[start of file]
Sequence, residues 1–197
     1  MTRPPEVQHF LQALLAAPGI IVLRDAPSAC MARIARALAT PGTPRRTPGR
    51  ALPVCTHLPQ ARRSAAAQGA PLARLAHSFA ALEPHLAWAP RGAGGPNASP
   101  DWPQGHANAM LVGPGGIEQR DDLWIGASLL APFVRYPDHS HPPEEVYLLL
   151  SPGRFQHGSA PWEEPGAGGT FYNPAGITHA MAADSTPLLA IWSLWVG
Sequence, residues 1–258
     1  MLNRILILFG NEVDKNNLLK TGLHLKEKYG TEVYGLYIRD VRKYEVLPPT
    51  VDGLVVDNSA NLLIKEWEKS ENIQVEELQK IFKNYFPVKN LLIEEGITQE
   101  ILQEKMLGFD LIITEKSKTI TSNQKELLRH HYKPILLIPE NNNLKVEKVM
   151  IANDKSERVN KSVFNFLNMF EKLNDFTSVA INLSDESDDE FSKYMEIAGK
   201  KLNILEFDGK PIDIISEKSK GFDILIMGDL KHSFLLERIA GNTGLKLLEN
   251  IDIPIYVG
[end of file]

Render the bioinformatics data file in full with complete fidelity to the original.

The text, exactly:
Sequence, residues 1–197
     1  MTRPPEVQHF LQALLAAPGI IVLRDAPSAC MARIARALAT PGTPRRTPGR
    51  ALPVCTHLPQ ARRSAAAQGA PLARLAHSFA ALEPHLAWAP RGAGGPNASP
   101  DWPQGHANAM LVGPGGIEQR DDLWIGASLL APFVRYPDHS HPPEEVYLLL
   151  SPGRFQHGSA PWEEPGAGGT FYNPAGITHA MAADSTPLLA IWSLWVG
Sequence, residues 1–258
     1  MLNRILILFG NEVDKNNLLK TGLHLKEKYG TEVYGLYIRD VRKYEVLPPT
    51  VDGLVVDNSA NLLIKEWEKS ENIQVEELQK IFKNYFPVKN LLIEEGITQE
   101  ILQEKMLGFD LIITEKSKTI TSNQKELLRH HYKPILLIPE NNNLKVEKVM
   151  IANDKSERVN KSVFNFLNMF EKLNDFTSVA INLSDESDDE FSKYMEIAGK
   201  KLNILEFDGK PIDIISEKSK GFDILIMGDL KHSFLLERIA GNTGLKLLEN
   251  IDIPIYVG